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Aug 19

Facial Recognition in Public Spaces Raises Data Protection Concerns

You are walking along a side street towards your office. Unbeknown to you a private company has installed closed circuit television with facial recognition capabilities and is tracking your movements. Is this lawful?

On 15 August 2019, the Information Commissioner, Elizabeth Denham released a statement which may address this very issue.

Ms Denham advised that she would be investigating the use of facial recognition technology in King’s Cross London by a privately-owned development. Ms Denham states that she is “deeply concerned about the growing use of facial recognition in public spaces, not only by law enforcement agencies but also increasingly by the private sector.”

The investigation follows a previous blog by Ms Denham in July that live facial recognition software was a high priority area for the ICO and that her office was conducting an investigation into and monitoring trials by the South Wales and Met Police.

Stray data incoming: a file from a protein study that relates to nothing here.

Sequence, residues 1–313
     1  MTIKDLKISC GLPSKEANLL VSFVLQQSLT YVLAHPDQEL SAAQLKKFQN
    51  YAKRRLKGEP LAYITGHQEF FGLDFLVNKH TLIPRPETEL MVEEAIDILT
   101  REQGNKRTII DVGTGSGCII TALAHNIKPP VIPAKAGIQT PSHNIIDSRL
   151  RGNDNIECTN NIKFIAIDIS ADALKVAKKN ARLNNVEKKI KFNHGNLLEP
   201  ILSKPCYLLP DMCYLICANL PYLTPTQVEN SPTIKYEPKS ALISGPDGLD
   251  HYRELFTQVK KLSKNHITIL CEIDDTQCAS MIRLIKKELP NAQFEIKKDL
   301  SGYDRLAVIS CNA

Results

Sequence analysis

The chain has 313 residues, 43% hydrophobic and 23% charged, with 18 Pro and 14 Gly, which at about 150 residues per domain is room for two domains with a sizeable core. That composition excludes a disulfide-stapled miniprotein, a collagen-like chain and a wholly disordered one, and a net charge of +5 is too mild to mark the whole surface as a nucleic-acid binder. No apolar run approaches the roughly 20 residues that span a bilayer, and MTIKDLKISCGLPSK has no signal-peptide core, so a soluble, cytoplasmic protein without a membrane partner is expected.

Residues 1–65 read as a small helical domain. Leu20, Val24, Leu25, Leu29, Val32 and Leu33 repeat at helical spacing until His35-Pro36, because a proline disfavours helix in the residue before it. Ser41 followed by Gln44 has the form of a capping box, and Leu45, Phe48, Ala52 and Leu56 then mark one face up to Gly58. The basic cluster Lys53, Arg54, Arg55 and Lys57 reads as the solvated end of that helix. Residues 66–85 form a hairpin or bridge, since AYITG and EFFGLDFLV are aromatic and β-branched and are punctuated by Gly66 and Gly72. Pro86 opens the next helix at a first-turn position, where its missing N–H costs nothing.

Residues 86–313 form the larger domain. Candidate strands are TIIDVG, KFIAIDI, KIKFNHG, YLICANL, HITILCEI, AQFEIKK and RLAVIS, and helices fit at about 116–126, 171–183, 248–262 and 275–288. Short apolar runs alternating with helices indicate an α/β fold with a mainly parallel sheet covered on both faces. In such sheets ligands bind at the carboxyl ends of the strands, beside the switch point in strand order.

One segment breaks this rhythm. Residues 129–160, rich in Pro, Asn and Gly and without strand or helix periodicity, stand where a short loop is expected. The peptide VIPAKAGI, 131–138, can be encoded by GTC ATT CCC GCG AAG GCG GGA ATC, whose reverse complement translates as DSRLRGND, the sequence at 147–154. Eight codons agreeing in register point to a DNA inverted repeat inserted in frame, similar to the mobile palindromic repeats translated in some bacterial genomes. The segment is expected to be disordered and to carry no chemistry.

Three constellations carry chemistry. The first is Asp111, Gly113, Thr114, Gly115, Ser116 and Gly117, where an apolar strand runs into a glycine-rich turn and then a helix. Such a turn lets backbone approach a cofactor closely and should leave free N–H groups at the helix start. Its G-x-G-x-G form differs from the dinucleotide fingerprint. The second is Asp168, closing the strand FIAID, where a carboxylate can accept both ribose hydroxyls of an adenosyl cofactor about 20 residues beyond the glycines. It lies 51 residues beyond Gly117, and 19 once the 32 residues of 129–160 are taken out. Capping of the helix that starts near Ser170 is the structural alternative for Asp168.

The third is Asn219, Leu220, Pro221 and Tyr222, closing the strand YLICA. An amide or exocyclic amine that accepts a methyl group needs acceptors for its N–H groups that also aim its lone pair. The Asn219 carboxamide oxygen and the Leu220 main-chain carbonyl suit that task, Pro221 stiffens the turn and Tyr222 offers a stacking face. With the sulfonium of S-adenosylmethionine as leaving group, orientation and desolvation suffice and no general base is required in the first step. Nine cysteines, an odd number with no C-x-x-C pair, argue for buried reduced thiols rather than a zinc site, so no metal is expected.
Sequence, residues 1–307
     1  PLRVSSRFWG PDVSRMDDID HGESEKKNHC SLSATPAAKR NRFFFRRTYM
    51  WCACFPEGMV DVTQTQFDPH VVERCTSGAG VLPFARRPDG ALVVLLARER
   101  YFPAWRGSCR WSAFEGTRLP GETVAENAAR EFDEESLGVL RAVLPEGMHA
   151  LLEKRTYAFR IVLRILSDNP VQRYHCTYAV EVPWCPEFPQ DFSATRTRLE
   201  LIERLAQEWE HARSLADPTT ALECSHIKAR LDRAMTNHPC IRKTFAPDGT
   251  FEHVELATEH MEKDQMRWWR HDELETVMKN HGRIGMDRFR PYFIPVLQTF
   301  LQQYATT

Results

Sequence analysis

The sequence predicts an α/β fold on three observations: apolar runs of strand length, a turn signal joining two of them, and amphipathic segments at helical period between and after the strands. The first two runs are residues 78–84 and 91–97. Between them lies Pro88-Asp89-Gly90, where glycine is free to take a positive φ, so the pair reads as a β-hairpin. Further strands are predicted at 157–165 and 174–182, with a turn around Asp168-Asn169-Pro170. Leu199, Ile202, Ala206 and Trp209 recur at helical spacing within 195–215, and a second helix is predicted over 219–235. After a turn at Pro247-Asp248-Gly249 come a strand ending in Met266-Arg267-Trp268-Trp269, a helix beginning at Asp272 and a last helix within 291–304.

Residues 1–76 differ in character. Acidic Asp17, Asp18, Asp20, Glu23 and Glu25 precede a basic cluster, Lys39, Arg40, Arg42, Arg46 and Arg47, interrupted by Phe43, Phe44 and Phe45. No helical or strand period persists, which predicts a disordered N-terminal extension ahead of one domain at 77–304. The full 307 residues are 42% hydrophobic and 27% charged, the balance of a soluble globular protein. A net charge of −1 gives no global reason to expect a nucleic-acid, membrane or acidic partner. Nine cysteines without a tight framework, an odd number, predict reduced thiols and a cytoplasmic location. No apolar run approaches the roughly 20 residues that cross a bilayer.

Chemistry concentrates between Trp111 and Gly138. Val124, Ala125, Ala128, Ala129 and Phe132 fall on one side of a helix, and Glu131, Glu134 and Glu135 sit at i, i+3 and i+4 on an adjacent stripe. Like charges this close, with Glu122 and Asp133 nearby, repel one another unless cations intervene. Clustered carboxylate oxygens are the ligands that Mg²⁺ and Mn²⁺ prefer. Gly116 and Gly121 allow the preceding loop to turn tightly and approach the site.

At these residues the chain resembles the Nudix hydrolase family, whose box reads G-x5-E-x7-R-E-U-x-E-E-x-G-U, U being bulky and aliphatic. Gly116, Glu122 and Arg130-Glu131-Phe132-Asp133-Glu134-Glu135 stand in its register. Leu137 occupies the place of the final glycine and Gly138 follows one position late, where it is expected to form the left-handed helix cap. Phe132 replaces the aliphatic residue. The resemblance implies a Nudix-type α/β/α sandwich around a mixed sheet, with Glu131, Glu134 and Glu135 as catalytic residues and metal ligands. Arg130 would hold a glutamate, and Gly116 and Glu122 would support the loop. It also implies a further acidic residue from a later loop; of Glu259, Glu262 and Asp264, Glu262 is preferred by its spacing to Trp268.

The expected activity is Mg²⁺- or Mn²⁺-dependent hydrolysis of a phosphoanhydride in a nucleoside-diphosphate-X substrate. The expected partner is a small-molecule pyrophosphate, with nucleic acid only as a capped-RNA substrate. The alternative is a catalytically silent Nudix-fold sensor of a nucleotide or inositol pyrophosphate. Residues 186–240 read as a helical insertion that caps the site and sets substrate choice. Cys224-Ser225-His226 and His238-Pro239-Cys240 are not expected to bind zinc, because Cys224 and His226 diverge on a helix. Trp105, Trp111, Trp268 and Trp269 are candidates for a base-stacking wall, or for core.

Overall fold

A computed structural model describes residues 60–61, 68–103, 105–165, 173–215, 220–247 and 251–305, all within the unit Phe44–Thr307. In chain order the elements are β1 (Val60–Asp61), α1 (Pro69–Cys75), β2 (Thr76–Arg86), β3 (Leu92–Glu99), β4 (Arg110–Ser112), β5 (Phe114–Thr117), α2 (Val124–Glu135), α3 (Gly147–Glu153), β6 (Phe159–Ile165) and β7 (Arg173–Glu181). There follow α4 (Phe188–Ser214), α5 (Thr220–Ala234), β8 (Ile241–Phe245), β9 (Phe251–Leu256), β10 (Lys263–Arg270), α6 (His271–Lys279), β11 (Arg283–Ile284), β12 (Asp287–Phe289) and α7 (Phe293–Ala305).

Live facial recognition technology is different to CCTV monitoring. By using biometrics (certain physical and physiological features), the technology can map facial features to identify particular individuals by matching these with a database of known faces. This technology has been in use for some years by certain public and government agencies but with the advent of AI and machine learning, it has become more prevalent in the private sector.  

Facial Recognition Concerns

Whilst the privacy legal framework for law enforcement is different to that for private companies, the privacy concerns about the use of facial recognition software in public spaces remain the same.  

Some threats to privacy include:

  • Lack of Transparency – An intrusion into the private lives of members of the public who had not consented to or were aware of the collection or the purposes for which they were collected/stored
  • Misuse - Images retrieved may be used for purposes other than that those consented to or notified.
  • Accuracy - inherent technological bias within the technology may result in false positive matches or discrimination.
  • Automated Decision making – decisions which may significantly affect individuals may be based solely on the facial recognition software.

Processing of Personal Data by Private Companies